Manifestoes of Surrealism
  • Manifestoes of Surrealism

    André Breton.


    Ann Arbor: University of Michigan Press, 1969. Octavo. Red cloth boards lightly scuffed at the crown and heel of the spine in an unclipped dust wrapper with mild soil, slightly toned over the spine. 304 pages. First edition. Near fine. 


    Here, for the first time in English, are the major documents of Surrealism penned by its most compelling practitioner. Essential documents chronicling the history of that avant-garde movement, also to be cherished as literature and radical politics. Breton, a wild dreamer, studied mental illness in med school till he was drafted, labored as an artist in a wide array mediums, was expelled from the French Communist Party in 1933, got called a pederast by a Soviet journalist who he later slapped in the street, died as an anti-imperial anarchist.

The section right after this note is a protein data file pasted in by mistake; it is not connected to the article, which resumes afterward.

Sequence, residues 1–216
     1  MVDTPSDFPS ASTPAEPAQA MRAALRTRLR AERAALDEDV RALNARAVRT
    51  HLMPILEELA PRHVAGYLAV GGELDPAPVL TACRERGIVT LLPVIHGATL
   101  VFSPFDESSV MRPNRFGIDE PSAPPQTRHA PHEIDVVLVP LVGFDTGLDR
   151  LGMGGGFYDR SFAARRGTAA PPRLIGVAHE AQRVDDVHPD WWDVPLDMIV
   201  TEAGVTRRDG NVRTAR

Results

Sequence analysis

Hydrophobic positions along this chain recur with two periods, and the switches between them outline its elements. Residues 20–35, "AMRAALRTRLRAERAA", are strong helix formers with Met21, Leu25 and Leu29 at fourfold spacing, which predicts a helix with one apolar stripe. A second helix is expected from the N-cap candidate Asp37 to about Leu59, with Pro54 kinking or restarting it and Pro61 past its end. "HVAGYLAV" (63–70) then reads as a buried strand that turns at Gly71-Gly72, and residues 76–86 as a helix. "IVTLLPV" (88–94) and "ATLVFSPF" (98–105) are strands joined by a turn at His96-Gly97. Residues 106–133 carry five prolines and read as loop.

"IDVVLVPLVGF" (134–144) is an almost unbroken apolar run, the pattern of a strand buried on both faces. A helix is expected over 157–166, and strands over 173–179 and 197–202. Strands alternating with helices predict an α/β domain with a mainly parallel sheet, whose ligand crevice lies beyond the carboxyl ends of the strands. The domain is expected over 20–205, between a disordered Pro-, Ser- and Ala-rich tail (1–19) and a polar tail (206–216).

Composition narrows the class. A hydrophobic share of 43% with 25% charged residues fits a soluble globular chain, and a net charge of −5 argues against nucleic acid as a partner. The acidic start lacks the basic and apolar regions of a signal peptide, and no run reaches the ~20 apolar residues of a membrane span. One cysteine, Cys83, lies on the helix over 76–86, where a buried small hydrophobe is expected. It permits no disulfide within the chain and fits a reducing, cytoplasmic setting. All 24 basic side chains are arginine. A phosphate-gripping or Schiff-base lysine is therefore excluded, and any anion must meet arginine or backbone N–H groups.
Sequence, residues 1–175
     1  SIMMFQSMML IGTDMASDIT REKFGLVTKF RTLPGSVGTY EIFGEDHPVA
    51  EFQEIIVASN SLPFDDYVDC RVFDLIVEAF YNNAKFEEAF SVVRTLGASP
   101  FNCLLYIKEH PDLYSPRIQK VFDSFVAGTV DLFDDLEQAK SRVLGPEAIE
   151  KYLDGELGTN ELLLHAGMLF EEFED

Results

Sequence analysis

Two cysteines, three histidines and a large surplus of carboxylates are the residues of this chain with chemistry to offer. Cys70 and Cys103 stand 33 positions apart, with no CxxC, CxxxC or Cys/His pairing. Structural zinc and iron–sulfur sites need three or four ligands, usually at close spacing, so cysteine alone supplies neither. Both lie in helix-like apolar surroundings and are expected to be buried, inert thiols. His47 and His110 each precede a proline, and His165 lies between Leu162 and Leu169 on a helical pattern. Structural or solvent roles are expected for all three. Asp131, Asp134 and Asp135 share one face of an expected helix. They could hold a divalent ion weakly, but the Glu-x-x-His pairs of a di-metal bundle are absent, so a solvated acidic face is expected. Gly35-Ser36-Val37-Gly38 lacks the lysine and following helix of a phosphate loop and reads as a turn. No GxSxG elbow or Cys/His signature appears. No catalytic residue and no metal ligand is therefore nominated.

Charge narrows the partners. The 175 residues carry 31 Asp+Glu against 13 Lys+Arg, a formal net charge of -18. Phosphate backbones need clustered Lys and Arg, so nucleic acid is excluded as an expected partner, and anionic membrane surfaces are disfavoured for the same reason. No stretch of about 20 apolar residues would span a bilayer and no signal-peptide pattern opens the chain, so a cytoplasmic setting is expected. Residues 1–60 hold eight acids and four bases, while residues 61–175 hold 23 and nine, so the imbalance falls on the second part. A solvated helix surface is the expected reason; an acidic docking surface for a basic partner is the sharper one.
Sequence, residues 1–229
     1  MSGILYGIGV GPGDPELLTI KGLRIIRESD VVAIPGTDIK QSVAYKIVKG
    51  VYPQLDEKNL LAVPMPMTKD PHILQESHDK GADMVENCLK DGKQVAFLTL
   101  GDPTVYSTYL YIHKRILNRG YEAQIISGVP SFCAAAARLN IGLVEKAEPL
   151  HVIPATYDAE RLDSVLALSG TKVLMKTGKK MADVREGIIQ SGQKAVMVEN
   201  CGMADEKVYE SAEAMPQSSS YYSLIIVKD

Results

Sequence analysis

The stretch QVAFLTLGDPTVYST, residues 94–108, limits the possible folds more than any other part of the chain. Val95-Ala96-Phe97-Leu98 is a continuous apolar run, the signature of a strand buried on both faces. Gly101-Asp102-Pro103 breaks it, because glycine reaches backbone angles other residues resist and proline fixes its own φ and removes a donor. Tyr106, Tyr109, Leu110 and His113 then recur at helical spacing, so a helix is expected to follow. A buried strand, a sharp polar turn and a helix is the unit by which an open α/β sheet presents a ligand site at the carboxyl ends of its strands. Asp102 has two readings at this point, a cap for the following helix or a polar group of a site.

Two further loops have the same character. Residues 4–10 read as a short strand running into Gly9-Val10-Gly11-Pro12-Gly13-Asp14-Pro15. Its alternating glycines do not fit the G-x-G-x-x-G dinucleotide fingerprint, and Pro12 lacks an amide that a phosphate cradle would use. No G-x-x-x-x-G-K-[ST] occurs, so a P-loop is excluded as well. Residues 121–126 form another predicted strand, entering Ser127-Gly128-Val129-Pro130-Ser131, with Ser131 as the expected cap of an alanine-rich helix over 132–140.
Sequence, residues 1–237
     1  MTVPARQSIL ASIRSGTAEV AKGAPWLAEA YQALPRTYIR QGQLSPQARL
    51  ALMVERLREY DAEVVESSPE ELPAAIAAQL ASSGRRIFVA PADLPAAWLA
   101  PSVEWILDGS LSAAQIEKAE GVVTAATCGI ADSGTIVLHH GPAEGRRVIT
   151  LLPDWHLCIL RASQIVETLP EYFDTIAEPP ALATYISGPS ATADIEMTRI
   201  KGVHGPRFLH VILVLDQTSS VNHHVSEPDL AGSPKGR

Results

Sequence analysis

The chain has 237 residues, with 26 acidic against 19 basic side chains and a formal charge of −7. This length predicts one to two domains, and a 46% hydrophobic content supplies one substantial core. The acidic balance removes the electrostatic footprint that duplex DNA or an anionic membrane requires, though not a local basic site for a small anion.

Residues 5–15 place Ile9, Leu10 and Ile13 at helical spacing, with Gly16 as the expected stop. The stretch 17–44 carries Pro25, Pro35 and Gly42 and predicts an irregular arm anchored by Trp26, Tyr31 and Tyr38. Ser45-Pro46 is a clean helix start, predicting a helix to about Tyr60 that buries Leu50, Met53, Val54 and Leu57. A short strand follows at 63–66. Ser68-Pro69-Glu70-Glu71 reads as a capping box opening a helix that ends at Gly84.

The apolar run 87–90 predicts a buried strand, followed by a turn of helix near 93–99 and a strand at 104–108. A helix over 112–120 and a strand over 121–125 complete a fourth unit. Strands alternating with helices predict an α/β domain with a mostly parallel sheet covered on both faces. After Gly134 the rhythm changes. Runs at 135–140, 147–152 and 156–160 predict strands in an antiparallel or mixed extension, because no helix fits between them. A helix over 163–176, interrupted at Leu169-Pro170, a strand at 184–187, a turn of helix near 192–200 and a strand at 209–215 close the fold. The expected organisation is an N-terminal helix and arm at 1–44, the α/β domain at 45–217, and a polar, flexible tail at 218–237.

"There is still a great deal to say, but I did want to touch lightly, in passing, upon a subject which in itself would require a very long exposition with a different precision. I shall return to it. For the time being my intention has been to see that justice was done to that hatred of the marvellous which rages in certain men, that ridicule under which they would like to crush it. Let us resolve, therefore: the Marvellous is always beautiful, everything marvellous is beautiful. Nothing but the Marvellous is beautiful."


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